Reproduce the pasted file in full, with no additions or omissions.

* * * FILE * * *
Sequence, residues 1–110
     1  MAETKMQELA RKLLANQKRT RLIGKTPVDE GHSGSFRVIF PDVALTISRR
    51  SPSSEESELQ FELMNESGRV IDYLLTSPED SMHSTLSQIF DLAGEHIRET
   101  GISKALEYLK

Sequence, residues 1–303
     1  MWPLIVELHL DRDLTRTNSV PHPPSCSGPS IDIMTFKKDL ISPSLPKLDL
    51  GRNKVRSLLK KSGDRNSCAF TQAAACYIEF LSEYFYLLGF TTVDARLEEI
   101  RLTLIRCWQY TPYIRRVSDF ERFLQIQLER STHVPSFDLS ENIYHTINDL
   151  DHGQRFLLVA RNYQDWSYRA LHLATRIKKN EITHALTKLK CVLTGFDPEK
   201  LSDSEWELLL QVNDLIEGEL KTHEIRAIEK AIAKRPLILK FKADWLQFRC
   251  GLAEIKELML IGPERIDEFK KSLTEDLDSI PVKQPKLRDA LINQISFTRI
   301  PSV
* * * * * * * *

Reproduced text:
Sequence, residues 1–110
     1  MAETKMQELA RKLLANQKRT RLIGKTPVDE GHSGSFRVIF PDVALTISRR
    51  SPSSEESELQ FELMNESGRV IDYLLTSPED SMHSTLSQIF DLAGEHIRET
   101  GISKALEYLK

Sequence, residues 1–303
     1  MWPLIVELHL DRDLTRTNSV PHPPSCSGPS IDIMTFKKDL ISPSLPKLDL
    51  GRNKVRSLLK KSGDRNSCAF TQAAACYIEF LSEYFYLLGF TTVDARLEEI
   101  RLTLIRCWQY TPYIRRVSDF ERFLQIQLER STHVPSFDLS ENIYHTINDL
   151  DHGQRFLLVA RNYQDWSYRA LHLATRIKKN EITHALTKLK CVLTGFDPEK
   201  LSDSEWELLL QVNDLIEGEL KTHEIRAIEK AIAKRPLILK FKADWLQFRC
   251  GLAEIKELML IGPERIDEFK KSLTEDLDSI PVKQPKLRDA LINQISFTRI
   301  PSV